Aliases increase the power of pattern matching by enabling us to name specific parts of a match, thereby making the subsequent code more readable and functional: (FileType.SOURCE_CODE.value | FileType.HTML.value | FileType.IMAGES.value | FileType.DOCUMENTS.value | FileType.OTHERS.value) as file_type.

Collectively, these features contribute to making the pattern matching in Python more concise and highly expressive, which proves particularly beneficial in scenarios like CLI command parsing, where input formats can be diverse and complex.

Pattern Matching with Tuples in Python

Pattern matching with tuples in Python operates under the same principles as lists, but we'll use parenthesis instead of square brackets.

Besides that, the process has a crucial distinction of the underlying type. When defining a pattern for a tuple, the matching process strictly expects a tuple in the input. This means that a pattern designed for a tuple won't match a list, even if the elements within them are identical in value and order.

Using wildcards in tuple pattern matching captures the matched elements as a smaller tuple. For example, in a pattern like case (a, *b), a matches the first element of the input tuple, while b captures the rest as another tuple. This feature allows for flexible matching of variable elements within a tuple, similar to how it works with lists.

This type-specific nature of pattern matching ensures clear and precise handling of different data structures, making Python's pattern matching both robust and versatile.

Pattern Matching With Dictionaries in Python

Python 3.12

def process_user_data(user_data):
    match user_data:
        case {"name": name, "age": age} as person:
            return f"Processing data for {name}, age {age}"
        case {"username": username, "posts": posts}:
            return f"Processing {len(posts)} posts for user {username}"
        case {"email": email}:
            return f"Sending email to {email}"
        case _:
            return "Unknown data format"

# Example usage
data1 = {"name": "Alice", "age": 30}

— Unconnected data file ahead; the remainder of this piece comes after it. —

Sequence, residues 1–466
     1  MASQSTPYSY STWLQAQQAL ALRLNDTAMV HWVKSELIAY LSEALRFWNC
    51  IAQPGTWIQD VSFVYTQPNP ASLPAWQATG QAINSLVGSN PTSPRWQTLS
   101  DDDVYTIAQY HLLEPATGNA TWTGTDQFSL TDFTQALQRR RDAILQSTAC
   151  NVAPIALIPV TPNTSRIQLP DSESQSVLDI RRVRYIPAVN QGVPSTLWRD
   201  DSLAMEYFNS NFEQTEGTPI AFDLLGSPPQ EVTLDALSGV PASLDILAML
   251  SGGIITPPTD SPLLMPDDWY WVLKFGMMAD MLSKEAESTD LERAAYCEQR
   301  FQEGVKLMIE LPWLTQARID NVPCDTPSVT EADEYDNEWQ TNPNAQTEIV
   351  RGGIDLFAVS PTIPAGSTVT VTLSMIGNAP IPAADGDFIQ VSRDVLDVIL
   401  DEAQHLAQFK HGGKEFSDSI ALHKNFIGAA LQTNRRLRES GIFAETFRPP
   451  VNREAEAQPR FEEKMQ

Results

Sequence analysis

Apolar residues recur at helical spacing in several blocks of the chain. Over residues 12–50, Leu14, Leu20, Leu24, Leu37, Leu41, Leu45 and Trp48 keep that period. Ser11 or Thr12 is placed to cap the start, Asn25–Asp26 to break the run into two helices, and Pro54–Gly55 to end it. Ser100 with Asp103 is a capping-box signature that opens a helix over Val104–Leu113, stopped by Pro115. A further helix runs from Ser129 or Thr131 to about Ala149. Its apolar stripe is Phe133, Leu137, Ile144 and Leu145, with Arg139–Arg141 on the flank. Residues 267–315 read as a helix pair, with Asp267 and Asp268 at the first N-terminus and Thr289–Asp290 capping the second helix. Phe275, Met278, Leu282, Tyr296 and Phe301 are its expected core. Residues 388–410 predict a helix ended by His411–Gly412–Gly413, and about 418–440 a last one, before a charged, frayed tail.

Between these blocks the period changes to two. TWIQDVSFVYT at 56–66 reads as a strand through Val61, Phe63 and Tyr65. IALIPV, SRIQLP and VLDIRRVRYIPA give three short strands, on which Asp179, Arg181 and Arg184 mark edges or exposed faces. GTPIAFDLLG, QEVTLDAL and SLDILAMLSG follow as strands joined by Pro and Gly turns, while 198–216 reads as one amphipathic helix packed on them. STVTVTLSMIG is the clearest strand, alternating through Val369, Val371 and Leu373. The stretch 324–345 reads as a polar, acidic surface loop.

data2 = {"username": "user123", "posts": ["Post 1", "Post 2"]}
data3 = {"email": ""}


As shown in our previous example, dictionary pattern matching makes Python stand out in handling JSON data, making it extremely useful for writing REST APIs. This feature aligns well with the nature of JSON, as it often directly maps to a dictionary format in Python.

Unlike lists or tuples, dictionaries in Python, the sequence in which keys are specified in the pattern is immaterial. This is a consequence of the unordered nature of dictionaries, which simplifies the matching process, allowing us to write the matches, taking only readability and maintainability into consideration.

However, the nature of the underlying structure also brings limitations; specifically, the keys used in the pattern must be literals. Python does not allow variables or expressions as keys in the pattern. This limitation ensures predictability and consistency in the matching process but somewhat restricts flexibility.

Also, unlike lists, unmatched keys don't result in a match failure, nor can we use wildcards to match the rest of the keys. However, we can use an alias to capture the matched section of the dictionary, as shown in line 4.

Accessing the unmatched data requires additional code outside the pattern-matching construct; since we know which keys have been matching, this issue only raises an inconvenience.


In this series, we travel deeper into the versatile world of structural pattern matching in Python, using it to handle lists, tuples, and dictionaries precisely and efficiently. Pattern matching is a big step in Python's evolution into a more expressive language.

This feature streamlines complex data processing, especially with JSON in REST APIs, and opens doors to more intuitive coding practices. Embracing these powerful features will undoubtedly help us write elegant and concise solutions.